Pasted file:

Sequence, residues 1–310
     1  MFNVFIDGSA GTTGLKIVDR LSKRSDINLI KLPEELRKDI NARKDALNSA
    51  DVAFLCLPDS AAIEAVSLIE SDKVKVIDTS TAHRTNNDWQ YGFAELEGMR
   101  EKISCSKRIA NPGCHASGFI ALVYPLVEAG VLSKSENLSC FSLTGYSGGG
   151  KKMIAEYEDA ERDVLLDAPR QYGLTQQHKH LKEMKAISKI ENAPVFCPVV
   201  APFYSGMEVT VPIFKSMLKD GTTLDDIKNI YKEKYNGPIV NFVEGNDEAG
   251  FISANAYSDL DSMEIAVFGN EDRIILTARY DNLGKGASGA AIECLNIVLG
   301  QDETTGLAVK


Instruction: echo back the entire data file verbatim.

Sequence, residues 1–310
     1  MFNVFIDGSA GTTGLKIVDR LSKRSDINLI KLPEELRKDI NARKDALNSA
    51  DVAFLCLPDS AAIEAVSLIE SDKVKVIDTS TAHRTNNDWQ YGFAELEGMR
   101  EKISCSKRIA NPGCHASGFI ALVYPLVEAG VLSKSENLSC FSLTGYSGGG
   151  KKMIAEYEDA ERDVLLDAPR QYGLTQQHKH LKEMKAISKI ENAPVFCPVV
   201  APFYSGMEVT VPIFKSMLKD GTTLDDIKNI YKEKYNGPIV NFVEGNDEAG
   251  FISANAYSDL DSMEIAVFGN EDRIILTARY DNLGKGASGA AIECLNIVLG
   301  QDETTGLAVK